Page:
Photographers’ Rights

When I was in Poland recently, I attended a meeting about the setting up of the Association of Polish Art Photographers, and my ears pricked up when there support for ‘Photographers’ Rights‘ was mentioned. I was a little disappointed to find out that they were largely concerned about copyright.

Copyright it a battle that photographers won many years ago, and our rights are generally clear and enshrined in international conventions, and even recognised in similar laws in most of those countries that have little truck with international conventions – such as the United States. Of course these are rights that need continual defence against rights grabs both direct by the big corporations and indirectly by them through the promotion of ‘orphan rights‘ and other similar proposals I’ve written about in the past.

Of course photographers often have skirmishes with individual organisations that use our work and somehow neglect to pay for the right to do so, and there are well-publicised cases of photographers who have made many thousands of pounds, often from just a few days of chasing up such abuse. Last year I made several hundred pounds myself, although mostly my work is used without permission by people with no funds to chase.

So copyright is essentially sorted, though vigilance is vital to keep it so. What interests me more are moral rights. Since I keep on coming across photographers who have no idea what moral rights are, I’ll explain them below, but unfortunately I have to start by saying that the UK 1988 Copyright Act, while introducing them, did so more or less to say that most publications – newspapers, magazines, yearbooks etc – could ignore them. News photographs were also specifically excluded from protection under the Act, and they do not exist for work which you did for which you were on a company payroll (but as with copyright will be yours if work was commissioned from you.)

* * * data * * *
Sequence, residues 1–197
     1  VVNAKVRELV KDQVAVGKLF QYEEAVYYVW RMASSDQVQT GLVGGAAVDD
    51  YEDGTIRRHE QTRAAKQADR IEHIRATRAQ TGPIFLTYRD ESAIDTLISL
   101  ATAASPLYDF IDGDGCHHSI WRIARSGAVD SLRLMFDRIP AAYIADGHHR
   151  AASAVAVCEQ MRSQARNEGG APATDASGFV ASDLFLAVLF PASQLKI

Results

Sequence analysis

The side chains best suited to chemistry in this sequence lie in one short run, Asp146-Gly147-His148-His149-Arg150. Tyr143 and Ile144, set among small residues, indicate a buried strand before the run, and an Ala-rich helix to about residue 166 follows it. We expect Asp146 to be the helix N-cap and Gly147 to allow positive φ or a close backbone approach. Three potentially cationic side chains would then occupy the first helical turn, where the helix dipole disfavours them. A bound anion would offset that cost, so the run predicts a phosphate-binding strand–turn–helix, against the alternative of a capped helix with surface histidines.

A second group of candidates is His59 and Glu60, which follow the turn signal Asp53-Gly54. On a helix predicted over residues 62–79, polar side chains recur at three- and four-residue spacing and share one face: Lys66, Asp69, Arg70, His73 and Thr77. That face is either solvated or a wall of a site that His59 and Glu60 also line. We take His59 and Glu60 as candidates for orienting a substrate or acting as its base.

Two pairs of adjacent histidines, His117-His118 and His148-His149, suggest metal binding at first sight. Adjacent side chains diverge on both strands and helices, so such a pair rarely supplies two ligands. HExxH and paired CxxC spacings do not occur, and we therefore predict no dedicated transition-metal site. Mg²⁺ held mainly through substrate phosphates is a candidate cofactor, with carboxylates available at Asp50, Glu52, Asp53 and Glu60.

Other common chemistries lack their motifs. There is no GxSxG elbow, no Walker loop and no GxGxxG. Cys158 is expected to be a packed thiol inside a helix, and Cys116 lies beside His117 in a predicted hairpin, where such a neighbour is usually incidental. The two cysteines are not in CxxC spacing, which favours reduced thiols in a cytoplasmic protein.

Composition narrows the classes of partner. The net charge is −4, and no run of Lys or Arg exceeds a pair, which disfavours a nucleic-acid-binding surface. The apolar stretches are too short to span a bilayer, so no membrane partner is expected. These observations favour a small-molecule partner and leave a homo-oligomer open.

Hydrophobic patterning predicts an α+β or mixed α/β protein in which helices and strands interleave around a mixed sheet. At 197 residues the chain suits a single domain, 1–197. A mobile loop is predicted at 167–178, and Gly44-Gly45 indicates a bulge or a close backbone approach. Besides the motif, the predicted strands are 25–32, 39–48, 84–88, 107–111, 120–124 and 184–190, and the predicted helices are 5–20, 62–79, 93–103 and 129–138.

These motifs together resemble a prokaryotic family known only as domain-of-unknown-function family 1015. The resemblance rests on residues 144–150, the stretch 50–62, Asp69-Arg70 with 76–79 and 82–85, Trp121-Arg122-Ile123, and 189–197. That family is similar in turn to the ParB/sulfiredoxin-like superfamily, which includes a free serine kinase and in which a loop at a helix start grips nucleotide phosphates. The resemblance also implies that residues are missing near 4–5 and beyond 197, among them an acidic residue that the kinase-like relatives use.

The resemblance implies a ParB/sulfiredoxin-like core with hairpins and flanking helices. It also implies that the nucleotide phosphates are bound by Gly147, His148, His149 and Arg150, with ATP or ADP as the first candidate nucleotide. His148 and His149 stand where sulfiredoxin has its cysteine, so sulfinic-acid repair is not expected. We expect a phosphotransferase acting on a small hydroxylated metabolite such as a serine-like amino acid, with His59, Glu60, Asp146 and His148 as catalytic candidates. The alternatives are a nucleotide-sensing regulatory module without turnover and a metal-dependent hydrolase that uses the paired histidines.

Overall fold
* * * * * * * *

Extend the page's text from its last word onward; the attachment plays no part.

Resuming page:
Of course, where you are able to set a contract for the use of your work, such rights can be included in the terms of the contract, and certainly Magnum was set up in part to make sure that this was done.

Most Moral Rights, unlike copyright, also have to be asserted, by means of a suitable statement associated with the work – either on the work itself or in a contract or agreement for the use of the work (see below.) They also attach uniquely to the creator of the work during his/her life. Unlike copyright you cannot assign moral rights – although you can waive them by a written signed statement (read the small print on any contracts carefully, and cross out any such clauses if you can.) But while you are alive, no one else can claim them, whatever you sign. You can assign them in your will – and if you fail to do so, those you have asserted will automatically pass to whoever holds the copyright in your work.

So what are the moral rights that apply to photographers?

  • Attribution: the right to be identified as the maker of the work – to have your name clearly shown wherever and whenever the work is used.
  • Integrity / No Derogatory Treatment: the right not to have your work treated in a derogatory fashion – for example by cropping, distortion, additions or deletion.
  • No False Attribution: this right exists without the need to claim it, and covers the use of your name with work you did not create.

A further moral right which also concerns photographers is that of privacy. This restricts your use of pictures you have been commissioned by persons to produce which are of a personal or domestic nature. If you wish to show or use such commissioned work you should ensure you have written permission to cover your usage – a suitable model release.

IANAL – I’m not a lawyer – and if you want to use law you should take legal advice. But if you simply want to assert your moral rights, a statement such as ‘Peter Marshall asserts his moral rights as the creator of this work according to the Copyrights, Designs and Patents Act, 1988′ is probably sufficient.

Any newspaper will of course provide copious examples of photographs were the moral rights of photographers are ignored (and of course even though the law does not make them enforceable, moral rights still exist.) I’d like to see a concerted effort by photographers to get all publications to recognise at least some of the moral rights of the people whose pictures they use.

We should start by demanding attribution. When dealing directly with publications I always do so; some photographers I know have a policy of asking for a payment of twice there normal rate if work is not attributed.

I’d also like to see a campaign to attack a different mode of false attribution, where images taken by photographers are credited simply to agencies. Getty, Corbis, Reuters, Alamy etc never took a photograph, and, except with older work where the name of the photographer was not recorded, I’d like to see the photographer’s name always given along with the agency.

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